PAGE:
• From the basic form, copy the initial two symbols and add them to the beginning. The first should retain whatever diacritic it might have, but the second should have its diacritic (if any) replaced by a cross below.

  • Insert m as the second symbol, and move the initial symbol’s diacritic (if any) to this one. Add an underdot to the first symbol.

* Discovering these two processes, and determining that the third process is the result of doing both, is worth 3 points. Discovering these two processes, and describing the third as an unrelated process – that is, not figuring out that it’s just a combination of the first two – is worth 2 points. Figuring out these processes without reference to the diacritics is worth 1 point, whether or not they correctly determine the nature of the third process.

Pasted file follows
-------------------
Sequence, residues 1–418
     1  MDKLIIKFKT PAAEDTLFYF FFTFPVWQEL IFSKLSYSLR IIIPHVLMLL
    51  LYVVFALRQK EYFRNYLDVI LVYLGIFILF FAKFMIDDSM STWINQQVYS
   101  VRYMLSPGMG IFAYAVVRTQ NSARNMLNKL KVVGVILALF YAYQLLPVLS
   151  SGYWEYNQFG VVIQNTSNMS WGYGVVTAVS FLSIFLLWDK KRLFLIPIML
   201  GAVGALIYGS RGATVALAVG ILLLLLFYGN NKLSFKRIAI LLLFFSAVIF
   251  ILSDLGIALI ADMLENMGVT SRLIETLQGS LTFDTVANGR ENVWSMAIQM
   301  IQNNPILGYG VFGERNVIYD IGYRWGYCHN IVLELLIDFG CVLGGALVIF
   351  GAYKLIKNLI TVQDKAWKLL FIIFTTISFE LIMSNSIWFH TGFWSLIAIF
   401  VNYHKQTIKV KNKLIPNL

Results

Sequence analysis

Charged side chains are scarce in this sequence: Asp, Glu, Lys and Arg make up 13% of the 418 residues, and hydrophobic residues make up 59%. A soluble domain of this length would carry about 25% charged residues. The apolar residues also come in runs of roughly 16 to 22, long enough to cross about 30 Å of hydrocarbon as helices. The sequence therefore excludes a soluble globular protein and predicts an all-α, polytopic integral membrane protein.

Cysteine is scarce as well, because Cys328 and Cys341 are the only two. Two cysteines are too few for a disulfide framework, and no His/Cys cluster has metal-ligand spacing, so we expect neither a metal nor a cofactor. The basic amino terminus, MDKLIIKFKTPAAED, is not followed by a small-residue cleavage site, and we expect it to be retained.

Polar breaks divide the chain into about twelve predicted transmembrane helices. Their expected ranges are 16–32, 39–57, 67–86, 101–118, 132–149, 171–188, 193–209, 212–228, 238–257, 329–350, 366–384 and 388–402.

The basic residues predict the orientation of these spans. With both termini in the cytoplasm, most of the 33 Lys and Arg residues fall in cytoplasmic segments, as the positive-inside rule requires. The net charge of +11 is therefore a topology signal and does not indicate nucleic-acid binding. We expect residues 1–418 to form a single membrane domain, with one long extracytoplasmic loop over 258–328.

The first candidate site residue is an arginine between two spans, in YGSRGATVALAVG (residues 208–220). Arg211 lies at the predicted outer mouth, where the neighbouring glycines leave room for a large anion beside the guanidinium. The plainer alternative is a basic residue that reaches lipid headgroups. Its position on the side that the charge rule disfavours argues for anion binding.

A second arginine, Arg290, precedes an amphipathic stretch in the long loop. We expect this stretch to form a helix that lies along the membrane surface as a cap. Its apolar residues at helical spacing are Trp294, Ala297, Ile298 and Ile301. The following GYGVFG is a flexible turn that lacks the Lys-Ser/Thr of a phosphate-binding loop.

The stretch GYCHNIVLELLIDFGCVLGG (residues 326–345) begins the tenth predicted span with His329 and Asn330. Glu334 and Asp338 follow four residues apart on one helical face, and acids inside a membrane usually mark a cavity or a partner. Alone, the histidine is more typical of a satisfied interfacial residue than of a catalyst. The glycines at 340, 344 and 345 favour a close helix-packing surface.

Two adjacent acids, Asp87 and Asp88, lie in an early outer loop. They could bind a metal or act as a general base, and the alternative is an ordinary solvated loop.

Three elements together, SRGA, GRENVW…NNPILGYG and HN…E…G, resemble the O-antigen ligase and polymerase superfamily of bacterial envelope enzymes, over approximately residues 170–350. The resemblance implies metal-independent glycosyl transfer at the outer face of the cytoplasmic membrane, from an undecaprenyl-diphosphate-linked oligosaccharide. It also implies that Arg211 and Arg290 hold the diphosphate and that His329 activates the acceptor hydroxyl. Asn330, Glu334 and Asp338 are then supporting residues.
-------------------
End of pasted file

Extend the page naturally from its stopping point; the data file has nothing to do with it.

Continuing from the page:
* All that remains is to match up which processes indicate which categories, which shouldn’t be hard if they’ve gotten this far. Their description of how to determine this is worth another 1 point.

* The remaining 1 point is reserved to distinguish particularly elegant solutions described with unusual clarity.

Figure 9: Grading rubric for the Ilocano problem.

1 The first author of this paper participated in the Bulgarian national LO in the early 1980s.

2 We are grateful to the Pittsburgh sponsors: M*Modal, Vivísimo, JustSystems Evans Research, and Carnegie Mellon's Leonard Gelfand Center for Service Learning and Outreach.